Unless you enjoy fireweed shoots (which are really not that bad), it is very difficult to eat your greens on an extended adventure. Whether canoe/kayak tripping or backcountry hiking, here is a great way to grow your own little microgreens.
What you need:
- wide mouth Nalgene bottle (or similar)
- small square of J-cloth
- elastic band (bring spares)
- sprouting seeds
The 14oz bottle size works well. If on a longer trip, take two of these along. Start your first bottle, then two days later start your second. The sprouts will be ready to eat in about four days, depending on how warm you are able to keep them. If you use the multiple bottles method, you'll have sprouts available almost everyday.
Start your seeds
Use small seeds such as alfalfa as they sprout more quickly than large seeds. Make sure you buy sprouting seeds as they have been cleaned of contaminants. Sprinkle enough seeds in the bottle to completely cover the bottom - but you don't want a thick layer down there. They expand a lot.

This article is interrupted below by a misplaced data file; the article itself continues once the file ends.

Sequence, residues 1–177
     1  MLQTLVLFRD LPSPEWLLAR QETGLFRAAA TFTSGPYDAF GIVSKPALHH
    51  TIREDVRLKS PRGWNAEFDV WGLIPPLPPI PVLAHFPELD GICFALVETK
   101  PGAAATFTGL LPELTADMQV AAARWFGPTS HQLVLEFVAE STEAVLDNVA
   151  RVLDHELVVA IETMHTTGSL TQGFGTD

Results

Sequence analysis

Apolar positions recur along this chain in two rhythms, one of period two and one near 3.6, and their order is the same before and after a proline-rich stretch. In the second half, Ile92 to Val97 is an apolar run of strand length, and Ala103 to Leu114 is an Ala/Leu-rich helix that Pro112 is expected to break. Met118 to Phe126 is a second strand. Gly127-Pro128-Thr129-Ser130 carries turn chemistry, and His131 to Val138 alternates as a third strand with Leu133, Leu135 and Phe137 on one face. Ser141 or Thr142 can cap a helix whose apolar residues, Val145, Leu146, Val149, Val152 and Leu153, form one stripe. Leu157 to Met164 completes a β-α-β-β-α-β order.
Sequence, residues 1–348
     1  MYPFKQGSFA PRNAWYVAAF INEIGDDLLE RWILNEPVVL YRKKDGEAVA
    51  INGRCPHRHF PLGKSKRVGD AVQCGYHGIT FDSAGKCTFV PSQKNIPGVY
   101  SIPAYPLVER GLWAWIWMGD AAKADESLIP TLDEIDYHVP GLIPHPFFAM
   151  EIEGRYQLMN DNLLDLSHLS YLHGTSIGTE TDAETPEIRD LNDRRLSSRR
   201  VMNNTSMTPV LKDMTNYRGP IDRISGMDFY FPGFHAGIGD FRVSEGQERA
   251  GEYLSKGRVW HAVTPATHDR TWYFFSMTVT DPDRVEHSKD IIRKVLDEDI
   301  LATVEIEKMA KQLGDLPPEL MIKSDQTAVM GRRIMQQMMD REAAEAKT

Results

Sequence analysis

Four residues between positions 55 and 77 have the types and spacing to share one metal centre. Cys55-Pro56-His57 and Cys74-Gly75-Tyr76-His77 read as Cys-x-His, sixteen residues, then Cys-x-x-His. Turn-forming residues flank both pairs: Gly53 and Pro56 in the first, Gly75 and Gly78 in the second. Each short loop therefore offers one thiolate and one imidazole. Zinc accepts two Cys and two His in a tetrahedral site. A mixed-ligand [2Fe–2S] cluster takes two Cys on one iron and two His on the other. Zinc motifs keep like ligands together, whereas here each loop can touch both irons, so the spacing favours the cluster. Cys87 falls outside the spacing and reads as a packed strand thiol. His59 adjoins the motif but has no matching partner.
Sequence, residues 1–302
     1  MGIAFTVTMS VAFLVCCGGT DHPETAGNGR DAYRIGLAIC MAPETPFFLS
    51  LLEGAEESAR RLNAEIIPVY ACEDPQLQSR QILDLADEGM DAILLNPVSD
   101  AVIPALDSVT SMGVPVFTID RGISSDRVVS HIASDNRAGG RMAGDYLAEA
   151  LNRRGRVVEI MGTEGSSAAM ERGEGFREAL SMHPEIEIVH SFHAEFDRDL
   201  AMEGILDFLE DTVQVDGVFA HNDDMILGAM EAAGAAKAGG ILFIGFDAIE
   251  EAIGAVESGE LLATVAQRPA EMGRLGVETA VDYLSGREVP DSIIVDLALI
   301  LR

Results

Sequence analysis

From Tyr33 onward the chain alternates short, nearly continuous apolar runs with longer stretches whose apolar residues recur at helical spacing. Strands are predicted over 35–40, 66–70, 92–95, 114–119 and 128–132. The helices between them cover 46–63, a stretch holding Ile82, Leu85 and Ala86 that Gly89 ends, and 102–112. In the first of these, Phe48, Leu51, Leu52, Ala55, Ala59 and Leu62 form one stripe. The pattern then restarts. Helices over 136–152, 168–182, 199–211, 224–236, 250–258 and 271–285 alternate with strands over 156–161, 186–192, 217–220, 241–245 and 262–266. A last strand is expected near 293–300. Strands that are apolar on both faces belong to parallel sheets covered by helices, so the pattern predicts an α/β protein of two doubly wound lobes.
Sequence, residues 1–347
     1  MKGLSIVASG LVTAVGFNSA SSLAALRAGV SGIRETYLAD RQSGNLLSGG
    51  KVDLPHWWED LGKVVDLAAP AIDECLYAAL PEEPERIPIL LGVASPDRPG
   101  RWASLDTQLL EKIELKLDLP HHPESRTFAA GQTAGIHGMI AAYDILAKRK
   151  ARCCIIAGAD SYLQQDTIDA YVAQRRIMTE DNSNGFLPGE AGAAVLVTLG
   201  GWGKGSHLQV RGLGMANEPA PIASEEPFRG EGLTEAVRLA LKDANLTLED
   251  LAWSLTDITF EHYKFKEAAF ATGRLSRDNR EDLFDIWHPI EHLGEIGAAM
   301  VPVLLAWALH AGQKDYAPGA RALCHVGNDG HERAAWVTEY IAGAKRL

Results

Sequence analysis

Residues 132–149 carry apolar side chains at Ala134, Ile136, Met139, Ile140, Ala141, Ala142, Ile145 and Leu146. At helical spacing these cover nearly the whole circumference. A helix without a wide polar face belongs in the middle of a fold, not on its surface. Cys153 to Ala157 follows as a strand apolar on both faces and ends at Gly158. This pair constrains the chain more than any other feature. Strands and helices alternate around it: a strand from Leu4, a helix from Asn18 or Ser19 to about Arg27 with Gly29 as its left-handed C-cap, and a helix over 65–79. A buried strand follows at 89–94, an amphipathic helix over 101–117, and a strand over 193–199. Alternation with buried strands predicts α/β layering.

It is not necessary, but it speeds up sprouting time if you soak the seeds for a couple of hours when you first put them in. Place the square of J-cloth over the mouth of the bottle and secure with the elastic band. Drain the water out through the cloth so that the seeds stay moist but are not sitting in water.
Nurture your seeds
Rinse your seeds about three times a day - usually at each meal. Keep the lid off so the seeds can breathe. You don't have to keep them in the sun until they start little green leaves, but try to keep them as warm as possible. This may mean you need to put the lid on and sleep with them in your sleeping bag at night, but at least they don't squirm around so you'll hardly notice them in there.
Eat your sprouts
By day four they should be ready to eat! They are fabulous jammed into a pita bread sandwich, or piled on top of your supper. Or go rabbit and eat them plain. However you eat them, it is a great feeling to get some healthy green crunch into your meal after multiple days in the bush.